How Long Can Baby Use Swing
Baby Toddler Safety

How Long Can Baby Use Swing

Are you aware of how long can baby use swing? 

Swinging a baby to sleep can seem like a miracle cure for sleep-deprived parents whose children refuse to fall asleep any other way.

Babies can be soothed and rocked to sleep, so they stop crying. 

Swings, however, aren’t long-term solutions.

Baby swings should not only be used for a limited period but also be stopped when the baby’s weight is exceeded or when he/she starts crawling out of the swing.

To answer how long a baby can use a swing, let’s read this article. 

How Long Can Baby Use Swing?

Most parents usually agree upon a baby swing as the best way of soothing a crying infant.

Experts say you can use a swing to comfort your colicky baby if they are fussy.

In addition, experts suggest holding or swaddling your baby as another way to soothe. 

However, you may find that your baby will fall asleep using the swing’s rhythmic rocking motion.

Your baby can suffer from SIDS if you let them sleep in a swing. In contrast to cribs or bassinettes, swings are not intended for napping.

As soon as possible, move your baby from the swing to a crib, bassinet, or play yard if they fall asleep there.

In 2012, the Consumer Product Safety Commission (CPSC) adopted new standards for baby swings to prevent accidents involving babies falling out of the swing or slumping forward until they can no longer breathe. 

The CPSC recommends a five-point harness for holding your baby securely in a swing.

However, before buying a swing, experts recommend that you check the CPSC’s list of product recalls.

1. Getting Your Baby Used to Climb Out

Your baby may be mobile enough to try to climb out of the swing even if they have not yet exceeded the weight limit of the swing.

However, as children reach the age of 12 months, they may attempt to climb out, resulting in a fall and a head injury. 

The straps of the swing could become tangled if your baby tries to climb out, and he could fall and get injured whether you strap him in with the harness or not.

You should always strap in your baby with the harness, no matter how you place him in the swing.

 It’s estimated that baby swings injured 1,800 children under age five in 2005, and one baby dies from swing use every year, Consumer Reports says.

Learn more from a related post: When To Stop Using An Infant Swing

2. What Are the Benefits of Using A Baby Swing?

Baby swings provide new parents with much-needed relief from holding (and rocking and bouncing) their little ones, whether they have to make dinner, help an older sibling with homework, or scroll through Instagram. 

Several experts explain that baby swings tend to relax and entertain the baby while caregivers have a few moments of peace.

As explained by the National Sleep Foundation, babies tend to become calmer when they swing and bounce in their arms since they are experiencing a sensory experience similar to being in the womb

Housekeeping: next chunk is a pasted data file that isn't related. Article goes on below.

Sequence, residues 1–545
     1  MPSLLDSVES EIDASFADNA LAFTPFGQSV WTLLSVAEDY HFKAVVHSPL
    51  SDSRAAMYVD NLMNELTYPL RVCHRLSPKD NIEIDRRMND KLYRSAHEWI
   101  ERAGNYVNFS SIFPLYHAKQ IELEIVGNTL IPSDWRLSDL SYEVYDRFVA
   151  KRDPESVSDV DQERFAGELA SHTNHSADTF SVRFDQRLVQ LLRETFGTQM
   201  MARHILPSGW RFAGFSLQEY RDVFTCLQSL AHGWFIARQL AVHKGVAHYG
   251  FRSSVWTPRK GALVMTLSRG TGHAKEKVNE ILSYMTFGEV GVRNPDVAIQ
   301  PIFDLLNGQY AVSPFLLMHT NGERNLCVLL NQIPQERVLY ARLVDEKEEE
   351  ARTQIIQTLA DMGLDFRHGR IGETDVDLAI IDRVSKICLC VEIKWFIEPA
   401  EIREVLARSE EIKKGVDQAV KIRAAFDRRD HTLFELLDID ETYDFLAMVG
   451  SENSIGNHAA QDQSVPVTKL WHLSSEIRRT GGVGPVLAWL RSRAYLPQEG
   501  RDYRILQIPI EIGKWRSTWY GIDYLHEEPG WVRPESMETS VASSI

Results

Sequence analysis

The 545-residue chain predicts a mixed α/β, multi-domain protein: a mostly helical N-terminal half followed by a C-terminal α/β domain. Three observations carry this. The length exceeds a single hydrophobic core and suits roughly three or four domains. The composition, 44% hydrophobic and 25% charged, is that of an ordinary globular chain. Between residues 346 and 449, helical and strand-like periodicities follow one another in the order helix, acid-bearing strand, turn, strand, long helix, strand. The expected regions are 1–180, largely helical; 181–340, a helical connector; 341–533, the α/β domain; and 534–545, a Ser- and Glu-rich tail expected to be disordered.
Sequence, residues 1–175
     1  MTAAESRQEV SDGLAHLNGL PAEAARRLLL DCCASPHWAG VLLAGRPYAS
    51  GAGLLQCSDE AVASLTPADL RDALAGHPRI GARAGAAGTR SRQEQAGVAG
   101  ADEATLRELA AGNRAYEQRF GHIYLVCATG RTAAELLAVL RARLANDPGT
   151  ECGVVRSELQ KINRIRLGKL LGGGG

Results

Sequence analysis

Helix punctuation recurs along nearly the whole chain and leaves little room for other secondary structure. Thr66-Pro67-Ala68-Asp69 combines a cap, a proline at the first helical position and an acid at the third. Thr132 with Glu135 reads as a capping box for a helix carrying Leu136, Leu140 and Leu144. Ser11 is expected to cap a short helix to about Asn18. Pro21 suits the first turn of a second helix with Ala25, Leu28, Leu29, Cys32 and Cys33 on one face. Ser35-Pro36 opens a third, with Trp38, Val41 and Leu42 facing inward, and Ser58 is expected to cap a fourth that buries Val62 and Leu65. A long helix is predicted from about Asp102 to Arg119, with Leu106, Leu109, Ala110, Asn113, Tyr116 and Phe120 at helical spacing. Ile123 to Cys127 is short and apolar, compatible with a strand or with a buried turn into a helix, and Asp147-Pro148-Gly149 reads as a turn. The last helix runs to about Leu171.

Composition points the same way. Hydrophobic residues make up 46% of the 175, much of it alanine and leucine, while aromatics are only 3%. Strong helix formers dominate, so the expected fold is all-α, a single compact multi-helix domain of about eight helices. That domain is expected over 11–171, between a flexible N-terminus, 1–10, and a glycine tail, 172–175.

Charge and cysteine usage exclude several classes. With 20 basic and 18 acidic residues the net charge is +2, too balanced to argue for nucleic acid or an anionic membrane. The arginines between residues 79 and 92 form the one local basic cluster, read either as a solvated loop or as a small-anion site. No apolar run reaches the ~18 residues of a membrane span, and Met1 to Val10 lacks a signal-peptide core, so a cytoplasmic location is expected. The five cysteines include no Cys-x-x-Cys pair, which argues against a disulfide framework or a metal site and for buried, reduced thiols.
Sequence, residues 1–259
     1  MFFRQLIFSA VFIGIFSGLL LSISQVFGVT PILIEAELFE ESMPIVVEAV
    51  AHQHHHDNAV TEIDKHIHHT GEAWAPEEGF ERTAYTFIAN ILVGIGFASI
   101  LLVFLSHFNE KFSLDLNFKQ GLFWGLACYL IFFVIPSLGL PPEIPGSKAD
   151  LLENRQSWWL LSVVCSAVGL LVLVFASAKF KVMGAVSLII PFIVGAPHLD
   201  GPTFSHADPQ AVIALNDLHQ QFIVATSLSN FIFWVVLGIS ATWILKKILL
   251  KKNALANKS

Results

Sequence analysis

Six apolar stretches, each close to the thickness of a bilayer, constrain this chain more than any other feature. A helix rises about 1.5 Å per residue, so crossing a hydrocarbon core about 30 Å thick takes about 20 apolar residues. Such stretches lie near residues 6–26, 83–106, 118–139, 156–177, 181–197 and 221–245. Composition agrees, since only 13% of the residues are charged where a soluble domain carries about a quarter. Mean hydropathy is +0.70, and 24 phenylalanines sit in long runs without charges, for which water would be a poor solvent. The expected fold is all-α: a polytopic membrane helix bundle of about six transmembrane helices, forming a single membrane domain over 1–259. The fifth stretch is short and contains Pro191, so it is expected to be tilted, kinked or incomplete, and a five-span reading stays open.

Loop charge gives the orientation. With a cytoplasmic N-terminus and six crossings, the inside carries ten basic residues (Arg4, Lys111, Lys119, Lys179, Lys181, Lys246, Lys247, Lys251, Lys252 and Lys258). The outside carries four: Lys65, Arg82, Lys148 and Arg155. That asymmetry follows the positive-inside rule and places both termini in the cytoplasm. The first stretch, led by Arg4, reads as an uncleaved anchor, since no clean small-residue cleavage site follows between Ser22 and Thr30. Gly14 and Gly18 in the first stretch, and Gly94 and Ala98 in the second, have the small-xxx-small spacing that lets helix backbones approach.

3. A Baby Should Stop Swinging When They Reach A Certain Age

In terms of preventing your baby from using the swing, there are no hard and fast rules.

A swing’s instructions and the size of your child will determine which swing is right for them. 

Manufacturers generally state the weight and height requirements.

If your baby swing is both a bouncer and a rocker, you might want to double-check the instructions.

If the baby is hanging from the mechanical swing base or standing on the floor, the weight limit will differ. 


In the end, you have the answer to the question, how long can baby use swing? Safety precautions need to be taken whenever working with one. 

Frequently Asked Questions (FAQs)

Can a baby be on a swing for the maximum amount of time?

Trachtenberg advises babies not to spend more than 30 minutes in a swing at a time.

According to the AAP, your child may flatten their head if you keep them strapped in a swing for too long each day.

Does it matter if a baby swing for hours?

It is generally recommended that babies spend no more than one hour a day in a motorized swing.

This is because, in the swing, she won’t be able to develop the motor skills that will lead her to crawl, stand, and cruise eventually.

Is it possible for baby swings to damage the brain?

The brain and eyes of an infant or child are not injured when you toss them in the air, bounce on the knee, place them in an infant swing, or jog with a backpack on.




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Mo Mulla

Mo Mulla is a work from home dad who enjoys reading and listening to music, He loves being a dad and husband to a growing family. He also loves writing about his passions and hopes to change the world, 1 blog post at a time!

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